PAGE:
Senior Pakistan batsman Younis Khan is contemplating calling it a day from one-day internationals after the series against England in the UAE.Well-informed sources told PTI on Monday that Younis might announce his retirement from one-day internationals during or after the four-match series.“There has been so much controversy over his selection in the one-day team and plus the clear indications from the team management that they want to build a young team for the World Cup 2019 that Younis is contemplating retirement,” one source confirmed. Also Read – A league of his own!He said that Younis, 37, has been waiting for the right time to call it a day from 50-overs cricket and the series against England gives him this chance.“He has not decided as yet but he himself is keen to end the controversy surrounding his selection for ODIs and there is a chance he might decide to take a bow himself after having played the series against England,” the source said. Younis was recalled to the Pakistan squad for the series last week after he last played an ODI in the World Cup in Australia and New Zealand in March 2015. Also Read – Domingo named new Bangladesh cricket coachSince March 2013 the senior batsman, who has been in record breaking form in Test cricket, has been out of the ODI squad for long periods and has played just 11 matches in the last two and half years. “His close friends and cricket advisors also feel Younis should retire from ODIs when he is in the team and do it himself,” the source stated. Sources close to the national selectors also said they got vibes from Younis that he might quit ODIs next month. The selectors earlier this year had made an offer to Younis to lead the team in Zimbabwe when Azhar Ali was not available but quit afterwards but he declined the offer saying he will quit on his own terms. Head coach Waqar Younis during his recent meetings with chief selector Haroon Rasheed in Sharjah assured him that Younis would not sit on the bench and get a chance to play the full series. The chief selector after much difficulty managed to convince the head coach to give the in-form Younis a shot in the ODI series.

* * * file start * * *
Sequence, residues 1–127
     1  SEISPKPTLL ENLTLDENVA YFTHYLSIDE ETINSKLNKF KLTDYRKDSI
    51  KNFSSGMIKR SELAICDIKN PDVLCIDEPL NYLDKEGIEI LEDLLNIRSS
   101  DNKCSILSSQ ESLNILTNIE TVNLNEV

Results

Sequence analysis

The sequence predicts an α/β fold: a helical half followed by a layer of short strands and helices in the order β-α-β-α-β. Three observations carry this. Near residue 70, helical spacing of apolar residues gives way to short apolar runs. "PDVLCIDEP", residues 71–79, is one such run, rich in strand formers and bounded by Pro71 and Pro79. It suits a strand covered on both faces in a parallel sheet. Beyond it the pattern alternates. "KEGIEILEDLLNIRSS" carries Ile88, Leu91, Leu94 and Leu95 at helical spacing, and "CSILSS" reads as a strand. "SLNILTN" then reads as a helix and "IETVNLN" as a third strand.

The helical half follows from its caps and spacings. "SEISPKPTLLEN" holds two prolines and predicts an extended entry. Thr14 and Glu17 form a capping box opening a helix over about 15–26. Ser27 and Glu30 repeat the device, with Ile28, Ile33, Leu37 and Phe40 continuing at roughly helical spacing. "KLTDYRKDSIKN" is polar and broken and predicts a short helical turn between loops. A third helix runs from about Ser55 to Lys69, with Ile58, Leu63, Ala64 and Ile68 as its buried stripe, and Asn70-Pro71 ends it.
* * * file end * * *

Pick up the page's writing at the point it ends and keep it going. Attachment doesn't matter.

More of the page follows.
Register Now » Free Webinar | Sept. 9: The Entrepreneur’s Playbook for Going Global 2 min read Ralph H. Baer, the creator of the Magnavox Odyssey (known as the “Brown Box”), the first commercial console for home video games, died at the age of 92 on Saturday.A pioneer in the now $93 billion gaming industry, it’s likely you’ve played with the games and systems Baer invented or influenced. In addition to building the first light gun — a gun-shaped controller that allows users to shoot objects on screen — he created the forerunner to Atari’s Pong game as well as the colorful electronic memory game Simon, which made its debut in 1978 at Studio 54 and continues to be sold today.Related: Across the U.S., Bars Are Letting You Play Your Favorite Childhood Video GamesIn 1971, while employed at Sanders Associates, a defense contractor in Nashua, N.H., Baer filed for the first ever video-game patent. His papers are now housed in the Smithsonian Institution in Washington, D.C., and he was awarded the National Medal of Technology and Innovation in 2006.So, what can entrepreneurs learn from Baer’s legacy? The biggest takeaway is this: he never stopped inventing. And, as is the case with the best entrepreneurs, his work has inspired generations of new innovators, with a promise of more to come.Related: Can Video Games in the Office Make Employees More Productive? December 8, 2014 Growing a business sometimes requires thinking outside the box.